As featured on http://www.creativeeducationfoundation.org
It was Tuesday afternoon when I received an email marked « Urgent » from a colleague. A valued client was in a bind; they had an event on Friday, and their keynote speaker had just cancelled due to a family emergency. Would I be willing to step in and give an inspirational talk on design thinking or creativity? If so, I should consider myself on standby for more details.
It was Wednesday afternoon by the time I spoke to the client directly and learned the specs, a bit about the company culture and the intention of the talk. We settled on a 45-minute talk on “deliberate creativity”, a favourite topic of mine ever since returning from my first CPSI experience last summer. More importantly, it would be of value to everyone in the diverse 400-person audience that would await me. One more thing, it should be bilingual.
Up until that speech, I’d never given an inspirational talk. I’d met professional speakers and stood (or sat, as it may be) in awe of their ability to put on a show, while awakening ideas, thoughts and feelings within me, one of many in the audience. So far, my typical audiences ranged from 1-40 in the coaching sessions, training workshops and processes I designed and facilitated. My clients tended to applaud my warmth and ability to make everyone feel important. How does one do that for 400 people at once?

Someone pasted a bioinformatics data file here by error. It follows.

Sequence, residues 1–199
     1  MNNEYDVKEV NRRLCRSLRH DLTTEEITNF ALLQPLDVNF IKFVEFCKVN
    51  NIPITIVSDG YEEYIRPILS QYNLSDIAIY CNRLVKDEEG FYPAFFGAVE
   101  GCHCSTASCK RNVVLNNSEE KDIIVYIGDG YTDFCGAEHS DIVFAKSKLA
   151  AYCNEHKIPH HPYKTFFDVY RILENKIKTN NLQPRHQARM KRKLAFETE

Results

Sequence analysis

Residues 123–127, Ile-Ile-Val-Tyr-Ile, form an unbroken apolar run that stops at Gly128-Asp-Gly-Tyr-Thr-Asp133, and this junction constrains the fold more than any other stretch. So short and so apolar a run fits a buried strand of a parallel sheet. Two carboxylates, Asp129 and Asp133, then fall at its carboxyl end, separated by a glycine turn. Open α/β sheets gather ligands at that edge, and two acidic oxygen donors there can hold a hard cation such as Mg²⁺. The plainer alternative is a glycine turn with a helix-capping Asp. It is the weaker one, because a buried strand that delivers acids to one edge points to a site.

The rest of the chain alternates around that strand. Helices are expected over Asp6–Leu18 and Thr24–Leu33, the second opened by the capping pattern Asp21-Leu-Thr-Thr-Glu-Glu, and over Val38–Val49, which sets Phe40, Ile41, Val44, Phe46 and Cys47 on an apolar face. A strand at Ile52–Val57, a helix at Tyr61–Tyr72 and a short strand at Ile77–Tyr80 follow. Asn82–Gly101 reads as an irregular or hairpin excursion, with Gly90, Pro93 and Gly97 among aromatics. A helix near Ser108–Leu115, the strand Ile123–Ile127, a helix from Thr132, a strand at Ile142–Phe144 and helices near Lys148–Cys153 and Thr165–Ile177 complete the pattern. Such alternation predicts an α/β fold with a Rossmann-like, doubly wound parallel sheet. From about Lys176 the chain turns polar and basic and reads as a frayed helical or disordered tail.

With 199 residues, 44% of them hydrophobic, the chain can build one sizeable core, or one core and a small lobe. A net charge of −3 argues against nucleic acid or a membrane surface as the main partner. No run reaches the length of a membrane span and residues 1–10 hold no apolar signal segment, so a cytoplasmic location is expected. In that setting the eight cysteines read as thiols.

With 36 hours to go, I got to work. While not too long ago I might have been a deer caught in headlights and maybe even turned down the opportunity altogether, this time I knew what to do. Step 1 of the creative problem-solving (CPS) process: Clarify.
I began writing down “I Wish” and “It Would Be Great If” statements to identify what I really needed to accomplish with my speech. I also mapped out what I already knew that might help me using the 5 Ws and an H –that is Who, What, Where, Why, When and How. It jogged my memory and reminded me that I had some materials to go off of thanks to a course I already designed and interactive exercises I’d flagged as fun and effective at various conferences and courses.
Thinking of who could help me, led me to reach out to Beth Miller, Executive Director of the Creative Education Foundation, for ideas and case studies.
As always, my husband was along for the ride, patiently putting up with my moments of “why did I say ‘yes’ to this?!” Of course, I know the answer to this question. I said “yes” because of CPS. The mindset, tool set and network I gained at CPSI have given me faith in my ability to find a way to deliver, and deliver well. And so I did, just a couple of days after the assignment first made it onto my radar.
Marika Escaravage is an Intersol Group consultant, trainer and facilitator based in Ottawa, Canada. Her services focus on helping teams and individuals to develop and leverage creative mindsets and processes. She also writes and advises clients on marketing and communications strategies.